“China is a good friend and brother of Arab and Islamic countries,” Wang said. “We have always firmly safeguarded the legitimate rights and interests of Arab [and] Islamic countries and have always firmly supported the just cause of the Palestinian people.”

In the other crises in the region, Beijing has similarly looked to paint itself on the side of peace while pursuing its own interests.

China’s Foreign Ministry quickly condemned the January 3 twin bombing in Iran that killed dozens but has not commented on attacks in Iraq targeting U.S. bases carried out by Iranian-backed militia groups. Beijing has spoken in vague terms about Hizballah’s missile barrages into northern Israel and an assassination in Beirut blamed on Israel, making vague calls for a calming of tensions while explicitly not mentioning any group by name.

In approaching the Huthi attacks on commercial shipping in the Red Sea, China has charted a slightly different course.

A Hong Kong-flagged vessel was attacked by Huthis in December and Cosco, the Chinese state-owned shipping giant that holds almost an 11 percent share of the trade market, suspended shipping to Israel through the Red Sea on January 8.

Some Chinese analysts, such as Jiang Limeng of the China Institute of Contemporary International Relations, which is connected to the country’s Ministry of State Security, have warned that the Red Sea problems could harm Chinese interests by raising energy prices, curbing global trade, and contributing to wider instability in the Middle East. But other Chinese experts view the attacks as an opportunity.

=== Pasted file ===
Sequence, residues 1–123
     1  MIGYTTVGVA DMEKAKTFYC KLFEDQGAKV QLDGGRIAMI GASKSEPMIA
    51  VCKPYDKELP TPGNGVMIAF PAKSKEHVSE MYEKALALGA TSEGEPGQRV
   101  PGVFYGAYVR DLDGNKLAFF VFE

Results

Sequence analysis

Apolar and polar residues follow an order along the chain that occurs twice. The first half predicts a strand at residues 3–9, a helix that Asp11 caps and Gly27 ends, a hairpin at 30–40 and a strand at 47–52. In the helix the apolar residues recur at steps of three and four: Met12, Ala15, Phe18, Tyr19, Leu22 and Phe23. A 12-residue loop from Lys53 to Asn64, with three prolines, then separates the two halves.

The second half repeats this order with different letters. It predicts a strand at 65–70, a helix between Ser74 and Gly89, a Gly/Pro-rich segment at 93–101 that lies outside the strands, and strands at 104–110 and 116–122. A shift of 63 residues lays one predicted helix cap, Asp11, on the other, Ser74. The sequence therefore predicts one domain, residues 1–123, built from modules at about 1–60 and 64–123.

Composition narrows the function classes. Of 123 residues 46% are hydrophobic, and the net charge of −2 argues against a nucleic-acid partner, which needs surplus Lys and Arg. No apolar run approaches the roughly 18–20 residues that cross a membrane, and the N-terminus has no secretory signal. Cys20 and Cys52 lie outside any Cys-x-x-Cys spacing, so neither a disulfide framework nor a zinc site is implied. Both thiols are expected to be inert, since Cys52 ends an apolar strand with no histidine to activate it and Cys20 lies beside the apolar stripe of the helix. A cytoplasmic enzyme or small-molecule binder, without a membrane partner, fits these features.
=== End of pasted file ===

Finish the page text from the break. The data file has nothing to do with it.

In a video posted in late December on Douyin, the domestic Chinese sister app of the social-media platform TikTok, Xiao Yunhua, a professor at the People Liberation Army’s National Defense University, argued that the Huthis “inadvertently did China a big favor” because choking the shipping lanes will likely lead to the increased use of Chinese-built and -backed railways for overland trade between China and Europe.

“The Huthis have indirectly contributed to the shift in transportation from sea to land, undermining U.S. maritime supremacy and promoting [Beijing’s] international strategy of global multipolarity,” Xiao said.

Is Chinese Influence Growing?

China has cast itself as a neutral geopolitical player in the Middle East and in recent years has boosted its standing with regional players like Iran and Saudi Arabia.

Energy, particularly oil, has been behind much of Beijing’s recent outreach.